Eclipses explained

Are there eclipses on other planets?

There are over 180 moons casting shadows in the Solar System, but none feature the magical moment of Totality

Three cheers for The Moon! There are around 180 natural moons orbiting planets in the Solar System, and while they come in all shapes and sizes, precisely none of them can cause what over 100 million people in the US will witness on August 21 2017 – a Total Solar Eclipse.

The Moon is in very special position right now, and will be for the next 550 million years (or so). Being around 400 times smaller than the Sun, but also about 400 times closer to Earth, the Moon appears to be exactly the same ‘angular size’ in the sky. It’s because of this celestial coincidence that a Total Solar Eclipse can occur when a New Moon passes precisely across the Sun, along a line known – rather fittingly – as the ecliptic.

Since the Moon’s coverage of the Sun is total, but no more, observers on Earth standing within the Path of Totality get to see the Sun’s mighty corona around the Moon’s edge, which is known as the ‘lunar limb’. Nowhere else in the Solar System does this happen precisely enough for Totality to exist as a visible phenomenon.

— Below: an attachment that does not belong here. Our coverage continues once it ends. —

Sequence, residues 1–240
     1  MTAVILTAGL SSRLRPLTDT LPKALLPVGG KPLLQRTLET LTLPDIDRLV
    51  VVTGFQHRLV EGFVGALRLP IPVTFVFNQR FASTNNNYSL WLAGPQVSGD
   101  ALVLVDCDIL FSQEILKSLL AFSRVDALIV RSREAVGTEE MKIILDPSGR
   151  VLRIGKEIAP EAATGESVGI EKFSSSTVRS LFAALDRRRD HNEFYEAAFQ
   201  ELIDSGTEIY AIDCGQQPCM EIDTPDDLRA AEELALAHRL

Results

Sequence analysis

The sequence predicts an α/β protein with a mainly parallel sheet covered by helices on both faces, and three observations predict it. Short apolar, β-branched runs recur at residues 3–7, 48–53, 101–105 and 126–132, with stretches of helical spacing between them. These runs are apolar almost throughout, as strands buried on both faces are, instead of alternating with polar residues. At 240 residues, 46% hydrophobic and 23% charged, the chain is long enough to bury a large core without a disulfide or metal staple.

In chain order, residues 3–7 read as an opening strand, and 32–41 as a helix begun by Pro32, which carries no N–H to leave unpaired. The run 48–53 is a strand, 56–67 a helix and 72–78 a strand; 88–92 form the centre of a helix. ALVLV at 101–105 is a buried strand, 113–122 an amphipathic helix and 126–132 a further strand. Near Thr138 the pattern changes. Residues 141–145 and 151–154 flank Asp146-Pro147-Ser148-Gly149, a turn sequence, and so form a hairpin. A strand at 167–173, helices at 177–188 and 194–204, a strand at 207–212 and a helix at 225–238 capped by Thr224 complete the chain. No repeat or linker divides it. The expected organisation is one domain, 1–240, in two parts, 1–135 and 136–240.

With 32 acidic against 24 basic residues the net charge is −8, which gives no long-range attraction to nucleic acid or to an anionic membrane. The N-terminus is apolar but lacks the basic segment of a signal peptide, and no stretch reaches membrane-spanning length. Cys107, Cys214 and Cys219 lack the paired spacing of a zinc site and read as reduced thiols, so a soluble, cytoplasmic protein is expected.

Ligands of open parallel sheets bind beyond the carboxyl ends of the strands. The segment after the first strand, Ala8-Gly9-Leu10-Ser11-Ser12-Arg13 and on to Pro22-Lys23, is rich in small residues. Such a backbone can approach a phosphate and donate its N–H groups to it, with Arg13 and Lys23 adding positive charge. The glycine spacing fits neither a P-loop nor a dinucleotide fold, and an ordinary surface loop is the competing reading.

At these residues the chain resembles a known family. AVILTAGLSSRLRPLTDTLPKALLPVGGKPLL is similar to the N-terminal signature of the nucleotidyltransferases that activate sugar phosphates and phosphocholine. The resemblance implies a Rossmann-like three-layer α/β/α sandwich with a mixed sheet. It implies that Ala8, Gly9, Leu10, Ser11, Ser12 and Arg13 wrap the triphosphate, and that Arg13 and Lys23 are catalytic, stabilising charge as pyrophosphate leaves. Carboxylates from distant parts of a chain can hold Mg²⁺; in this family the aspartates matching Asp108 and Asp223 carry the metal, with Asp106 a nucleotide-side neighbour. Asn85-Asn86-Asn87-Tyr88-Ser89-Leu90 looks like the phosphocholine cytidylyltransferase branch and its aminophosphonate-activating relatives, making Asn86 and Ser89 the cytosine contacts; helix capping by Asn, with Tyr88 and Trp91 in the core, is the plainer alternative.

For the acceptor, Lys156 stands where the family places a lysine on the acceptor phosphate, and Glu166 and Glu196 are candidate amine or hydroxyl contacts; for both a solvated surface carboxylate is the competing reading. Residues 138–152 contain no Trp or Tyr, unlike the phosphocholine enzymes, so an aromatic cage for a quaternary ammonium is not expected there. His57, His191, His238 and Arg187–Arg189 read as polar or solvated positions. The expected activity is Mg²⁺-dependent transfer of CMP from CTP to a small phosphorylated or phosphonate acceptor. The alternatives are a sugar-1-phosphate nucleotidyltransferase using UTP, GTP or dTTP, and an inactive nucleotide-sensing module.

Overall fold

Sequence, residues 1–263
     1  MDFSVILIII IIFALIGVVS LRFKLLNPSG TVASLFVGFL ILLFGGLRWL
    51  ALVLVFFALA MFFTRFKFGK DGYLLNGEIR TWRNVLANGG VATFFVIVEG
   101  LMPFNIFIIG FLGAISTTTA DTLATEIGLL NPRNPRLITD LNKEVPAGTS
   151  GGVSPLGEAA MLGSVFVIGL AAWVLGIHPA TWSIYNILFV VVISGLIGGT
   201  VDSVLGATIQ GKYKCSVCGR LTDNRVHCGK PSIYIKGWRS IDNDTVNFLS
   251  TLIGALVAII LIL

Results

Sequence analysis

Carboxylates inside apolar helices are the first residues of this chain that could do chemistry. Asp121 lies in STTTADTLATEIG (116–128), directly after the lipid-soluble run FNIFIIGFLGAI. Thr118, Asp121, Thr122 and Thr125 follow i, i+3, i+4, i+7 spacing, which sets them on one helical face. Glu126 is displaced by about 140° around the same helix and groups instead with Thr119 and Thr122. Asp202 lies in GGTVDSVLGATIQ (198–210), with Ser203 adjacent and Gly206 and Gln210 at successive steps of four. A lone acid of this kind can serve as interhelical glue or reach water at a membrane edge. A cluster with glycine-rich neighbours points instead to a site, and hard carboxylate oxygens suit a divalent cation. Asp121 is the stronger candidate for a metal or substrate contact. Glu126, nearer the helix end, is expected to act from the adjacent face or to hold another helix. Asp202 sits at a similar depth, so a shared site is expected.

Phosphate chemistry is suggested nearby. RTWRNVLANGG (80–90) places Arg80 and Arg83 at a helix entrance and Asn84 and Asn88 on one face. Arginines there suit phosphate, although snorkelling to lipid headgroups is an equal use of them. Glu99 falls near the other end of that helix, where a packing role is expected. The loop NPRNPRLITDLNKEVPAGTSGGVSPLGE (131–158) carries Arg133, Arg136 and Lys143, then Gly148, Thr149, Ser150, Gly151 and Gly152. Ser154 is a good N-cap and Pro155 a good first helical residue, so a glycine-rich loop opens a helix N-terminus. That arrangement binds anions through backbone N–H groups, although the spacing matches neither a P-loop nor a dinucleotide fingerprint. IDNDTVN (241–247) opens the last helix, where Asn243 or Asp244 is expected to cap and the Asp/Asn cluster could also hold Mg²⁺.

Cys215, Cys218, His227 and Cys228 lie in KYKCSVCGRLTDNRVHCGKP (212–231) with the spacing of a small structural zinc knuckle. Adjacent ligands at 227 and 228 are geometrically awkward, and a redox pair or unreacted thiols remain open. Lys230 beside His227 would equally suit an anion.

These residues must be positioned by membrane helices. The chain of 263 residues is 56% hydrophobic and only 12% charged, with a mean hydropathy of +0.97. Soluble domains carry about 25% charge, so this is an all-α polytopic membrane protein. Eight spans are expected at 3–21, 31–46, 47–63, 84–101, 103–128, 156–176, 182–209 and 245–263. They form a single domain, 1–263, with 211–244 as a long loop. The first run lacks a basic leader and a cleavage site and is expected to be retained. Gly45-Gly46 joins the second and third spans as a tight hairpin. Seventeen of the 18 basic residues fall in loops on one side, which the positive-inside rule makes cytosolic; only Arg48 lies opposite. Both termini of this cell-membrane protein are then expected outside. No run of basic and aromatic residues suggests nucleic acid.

It doesn’t even always happen on Earth. Occasionally the New Moon is further away than usual along its slightly elliptical orbit, so when it crosses the Sun, it doesn’t block out all of the Sun’s disk. This is called an Ring of Fire, or annular eclipse. You could also call it a transit, which is what often happens elsewhere in the Solar System.

Moon-shadows do often creep across the planets in the Solar System, but Totality never occurs. Giant planet Jupiter is around 1300 times bigger than Earth and has 67 moons, so it’s hardly surprising that moon-shadows are thrown across its surface relatively regularly. If you have an eight-inch telescope you can watch one of the big ‘Galilean’ moons – Io, Europa, Ganymede or Callisto (and sometimes three of them simultaneously) – cast a shadow on Jupiter’s surface every few weeks or so, and for hours at a time.

Meanwhile, Saturn, which is about 750 times bigger than Earth, has over 60 moons, but again, no moons are positioned so that their angular size is precisely the same an the Sun. For example, Titan appears to be bigger in the sky than the Sun as seen from Saturn’s surface, so while Titan can block out the Sun and cause an eclipse – and darkness in the day – it lacks Totality.

Photo credit: NASA/Johns Hopkins University Applied Physics Laboratory/Southwest Research Institute